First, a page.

Anand draws with Nakamura in London Chess Classic
It was a nerve-wracking game in which fortunes fluctuated many a times and the draw was probably a good result from a sporting point of view.
London: World champion Viswanathan Anand played out an exciting draw with Hikaru Nakamura of the United States in the eighth and penultimate round of the London Chess Classic, here on Monday.
After a steady draw with Judit Polgar of Hungary in the previous round, it was a nerve-wracking game in which fortunes fluctuated many a times and the draw was probably a good result from a sporting point of view as both Anand and Nakamura missed many opportunities.
On a day when tournament leader Magnus Carlsen of Norway had a bye, Russian Vladimir Kramnik capitalised on his opportunities and crushed Gawain Jones of England. In other games, English Michael Adams of England could not use his extra pawn to full use and split the point with Levon Aronian of Armenia, while Polgar scored her first victory at the expense of Luke McShane of England.
As things stand, Carlsen remained on 17 points after his bye and Kramnik narrowed the gap to remain within striking distance on 15 points. Adams, on 12 points, remained in third spot, two points ahead of Nakamura who enjoys a two-point advantage over Anand on fifth spot.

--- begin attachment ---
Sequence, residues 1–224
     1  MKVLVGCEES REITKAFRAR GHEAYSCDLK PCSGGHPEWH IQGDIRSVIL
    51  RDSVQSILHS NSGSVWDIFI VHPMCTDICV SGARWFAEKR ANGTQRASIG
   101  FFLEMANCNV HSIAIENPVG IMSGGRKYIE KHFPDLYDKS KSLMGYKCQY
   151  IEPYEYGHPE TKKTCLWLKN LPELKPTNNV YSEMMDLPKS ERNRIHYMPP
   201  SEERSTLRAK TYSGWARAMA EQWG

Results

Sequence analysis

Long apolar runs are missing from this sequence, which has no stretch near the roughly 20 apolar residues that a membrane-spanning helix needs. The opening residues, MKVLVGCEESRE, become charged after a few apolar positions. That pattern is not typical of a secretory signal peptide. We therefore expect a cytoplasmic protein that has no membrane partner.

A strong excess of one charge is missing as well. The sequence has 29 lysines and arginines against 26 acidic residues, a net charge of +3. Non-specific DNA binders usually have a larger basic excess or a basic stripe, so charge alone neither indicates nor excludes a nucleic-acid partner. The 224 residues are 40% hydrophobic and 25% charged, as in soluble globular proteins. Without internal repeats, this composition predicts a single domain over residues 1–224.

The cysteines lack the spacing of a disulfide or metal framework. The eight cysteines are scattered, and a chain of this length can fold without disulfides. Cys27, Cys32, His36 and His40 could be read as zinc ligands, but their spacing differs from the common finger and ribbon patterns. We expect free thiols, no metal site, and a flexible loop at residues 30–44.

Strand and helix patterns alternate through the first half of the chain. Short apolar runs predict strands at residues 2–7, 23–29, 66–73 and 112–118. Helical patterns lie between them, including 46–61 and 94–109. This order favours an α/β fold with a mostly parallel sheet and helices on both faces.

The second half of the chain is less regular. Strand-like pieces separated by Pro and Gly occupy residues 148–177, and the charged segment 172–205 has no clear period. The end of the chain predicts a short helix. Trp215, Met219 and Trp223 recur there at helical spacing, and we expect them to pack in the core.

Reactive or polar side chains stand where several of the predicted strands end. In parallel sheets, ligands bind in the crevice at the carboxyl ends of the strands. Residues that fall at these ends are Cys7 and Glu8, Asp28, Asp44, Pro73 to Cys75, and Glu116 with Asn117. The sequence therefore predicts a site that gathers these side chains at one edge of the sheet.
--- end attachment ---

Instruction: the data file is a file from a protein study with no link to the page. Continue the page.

Aronian is in sixth followed by Polgar and McShane while Gawain Jones, with just three draws, is at the bottom. With just one round to come, the stage is set for a fitting finale with Carlsen set to meet an off-colour Anand while Kramnik has a black game against Adams in the last round. In the event of Carlsen drawing with Anand and should Kramnik win, there will be an Armageddon game to determine the winner of this year's Classic.
Exactly a year ago on the same date, Nakamura had celebrated his birthday in style, defeating Anand at the same auditorium in the Olympia. The American, on his 25th birthday, was again Black against the world champion but a well-armed Anand looked set to avenge his defeat. A strange Najdorf Sicilian led to a dynamic balance, which eventually reached an endgame where Anand had two rooks and two passed pawns against Nakamura's knight, bishop, rook and two passed pawns.
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